Other functionally graded ceramics that are used in biomedical applications are ZrO2/AISI316L as artificial joints and hip prostheses, and ZrO2/Al2O3 FGCs as teeth implants [109]. Nowadays, structure grading technology is also used in cancer prevention research. One of them, for instance, is a study on collagen structure reinforcement using grading technology. In such a type of graded structure, the graded material should not only possess excellent hardness, wear and corrosion resistance, but should also have high biological compatibility and harmlessness.

5.5. FG ceramics in structural and tribological applications

FGCs offer great promise for use in applications where the operating conditions are severe, for example, in cutting tools and wear resistant linings for handling large heavy abrasive ore particles. These applications require graded ceramics with high corrosion and wear resistance. This type of FGC can also be used as protective coatings in the form of an alumina/mullite FGC that is used to protect SiC components from corrosion, and act as a thermal barrier coating, improving the efficiency of turbine engines by providing the capability to sustain a significant temperature gradient across the coating ZrO2/Al2O3 FGC, which also improves thermal resistance and resistance to oxidation [110].

Moreover, a novel functionally graded Al2O3/lanthanum hexaaluminate (LHA) ceramic with a gradient in composition and porosity was developed using the PM method as a high temperature thermal barrier coating, protecting the components from a corrosive and severe thermal environment [111]. Graded WC/Co FGCs are used as abrasive cutting tools and in mining equipment, where a high wear resistance and toughness are both required [112].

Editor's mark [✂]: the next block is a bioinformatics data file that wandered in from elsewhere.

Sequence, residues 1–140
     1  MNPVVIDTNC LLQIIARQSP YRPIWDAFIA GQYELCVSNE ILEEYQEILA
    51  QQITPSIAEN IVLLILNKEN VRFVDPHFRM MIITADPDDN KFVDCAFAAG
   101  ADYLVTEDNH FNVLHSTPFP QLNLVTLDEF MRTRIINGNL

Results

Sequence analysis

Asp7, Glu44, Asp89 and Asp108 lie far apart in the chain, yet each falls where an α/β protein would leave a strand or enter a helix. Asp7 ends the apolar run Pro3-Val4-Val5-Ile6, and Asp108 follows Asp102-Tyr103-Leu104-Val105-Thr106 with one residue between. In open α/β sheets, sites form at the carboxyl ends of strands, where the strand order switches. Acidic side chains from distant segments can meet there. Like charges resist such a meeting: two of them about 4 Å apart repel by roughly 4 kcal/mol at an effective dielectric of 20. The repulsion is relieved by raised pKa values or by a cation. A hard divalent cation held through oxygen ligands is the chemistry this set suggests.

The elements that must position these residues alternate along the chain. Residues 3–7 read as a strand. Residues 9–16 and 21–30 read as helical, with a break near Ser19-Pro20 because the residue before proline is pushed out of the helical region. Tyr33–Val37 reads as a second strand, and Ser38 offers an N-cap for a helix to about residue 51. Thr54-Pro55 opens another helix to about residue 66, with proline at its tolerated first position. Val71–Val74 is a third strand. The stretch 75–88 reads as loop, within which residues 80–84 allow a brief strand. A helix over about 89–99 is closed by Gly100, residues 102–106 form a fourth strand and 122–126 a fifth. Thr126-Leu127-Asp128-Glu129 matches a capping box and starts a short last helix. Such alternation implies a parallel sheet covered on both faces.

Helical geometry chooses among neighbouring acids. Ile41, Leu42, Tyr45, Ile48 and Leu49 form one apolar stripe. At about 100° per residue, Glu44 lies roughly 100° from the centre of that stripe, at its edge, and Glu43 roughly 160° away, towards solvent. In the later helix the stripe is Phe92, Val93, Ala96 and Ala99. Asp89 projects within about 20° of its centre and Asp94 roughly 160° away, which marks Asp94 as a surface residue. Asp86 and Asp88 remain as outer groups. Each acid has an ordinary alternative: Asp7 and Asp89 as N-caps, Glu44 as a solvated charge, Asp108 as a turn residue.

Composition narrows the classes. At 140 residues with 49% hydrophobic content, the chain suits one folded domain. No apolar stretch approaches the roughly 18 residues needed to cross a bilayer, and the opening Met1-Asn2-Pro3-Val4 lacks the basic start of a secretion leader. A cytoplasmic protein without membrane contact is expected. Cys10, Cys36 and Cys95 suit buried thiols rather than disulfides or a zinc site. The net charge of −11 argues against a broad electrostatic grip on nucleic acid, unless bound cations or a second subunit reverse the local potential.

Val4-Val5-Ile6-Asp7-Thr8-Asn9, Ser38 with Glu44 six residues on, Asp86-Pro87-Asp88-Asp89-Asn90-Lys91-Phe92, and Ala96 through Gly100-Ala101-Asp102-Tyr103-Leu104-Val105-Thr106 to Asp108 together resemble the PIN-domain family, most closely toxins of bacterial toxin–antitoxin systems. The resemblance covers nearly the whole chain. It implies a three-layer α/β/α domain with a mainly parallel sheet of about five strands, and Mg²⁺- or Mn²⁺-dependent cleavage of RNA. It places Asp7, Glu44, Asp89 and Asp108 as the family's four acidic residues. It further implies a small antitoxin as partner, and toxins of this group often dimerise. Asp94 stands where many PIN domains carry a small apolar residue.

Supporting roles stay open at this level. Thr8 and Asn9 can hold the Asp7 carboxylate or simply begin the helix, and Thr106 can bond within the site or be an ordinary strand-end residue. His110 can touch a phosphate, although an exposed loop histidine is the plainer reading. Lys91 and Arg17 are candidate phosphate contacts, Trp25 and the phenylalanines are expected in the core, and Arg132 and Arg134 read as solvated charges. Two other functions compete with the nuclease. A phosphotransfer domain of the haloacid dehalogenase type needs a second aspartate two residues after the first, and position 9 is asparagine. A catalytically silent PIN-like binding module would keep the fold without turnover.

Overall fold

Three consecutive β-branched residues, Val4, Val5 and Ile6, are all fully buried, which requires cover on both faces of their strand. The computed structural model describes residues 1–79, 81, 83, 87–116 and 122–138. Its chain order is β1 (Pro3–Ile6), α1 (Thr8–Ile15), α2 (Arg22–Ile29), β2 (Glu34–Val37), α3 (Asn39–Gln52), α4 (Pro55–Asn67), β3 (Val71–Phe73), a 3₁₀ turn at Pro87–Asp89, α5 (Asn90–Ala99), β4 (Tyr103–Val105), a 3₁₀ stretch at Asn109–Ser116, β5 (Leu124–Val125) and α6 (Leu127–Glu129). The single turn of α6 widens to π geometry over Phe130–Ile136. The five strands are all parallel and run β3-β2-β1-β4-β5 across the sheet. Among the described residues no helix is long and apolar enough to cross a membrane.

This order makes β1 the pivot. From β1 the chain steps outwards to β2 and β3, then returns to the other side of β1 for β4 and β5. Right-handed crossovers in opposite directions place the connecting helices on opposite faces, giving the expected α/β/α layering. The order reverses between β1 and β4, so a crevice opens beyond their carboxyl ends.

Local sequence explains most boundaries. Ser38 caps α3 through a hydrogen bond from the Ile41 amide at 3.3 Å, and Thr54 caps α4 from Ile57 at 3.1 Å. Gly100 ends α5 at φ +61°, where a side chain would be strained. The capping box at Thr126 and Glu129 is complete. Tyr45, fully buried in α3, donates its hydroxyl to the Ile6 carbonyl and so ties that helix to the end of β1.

In addition, the WC/Co FGC is coated with a layer of titanium nitride (TiN), a layer of alumina (AI2O3), and a layer of titanium carbonitride (TiCN) by chemical vapor deposition. These graded and multiple coated WC/Co FGC cutting tool chips are very resistant to flank wear. Furthermore, they have the advantage of a high machining speed combined with a high feed rate. Their graded composition can also control the internal stresses arising from the mismatch in thermal expansion. A simple, asymmetric gradient in composition such as in a ceramic/metal FGM can reduce thermal stress, while a symmetrical or radial gradient can induce a sizable compressive stress at the outer ceramic layer, resulting in stress reinforcement similar to that of tempered glass or pre-stressed concrete [113]. Graded cutting tools have also been made for interrupted cutting from cermets of TiC-NiMo FGC in which the percentage of TiC in the graded layer ranged from 95 wt. % at the top surface to 86 wt % at the site of transition to plain steel [114]. Recently, Al2O3/TiC and Al2O3/(W-Ti) C FG ceramics have been investigated as highly efficient ceramic tools with excellent thermal shock resistance [115].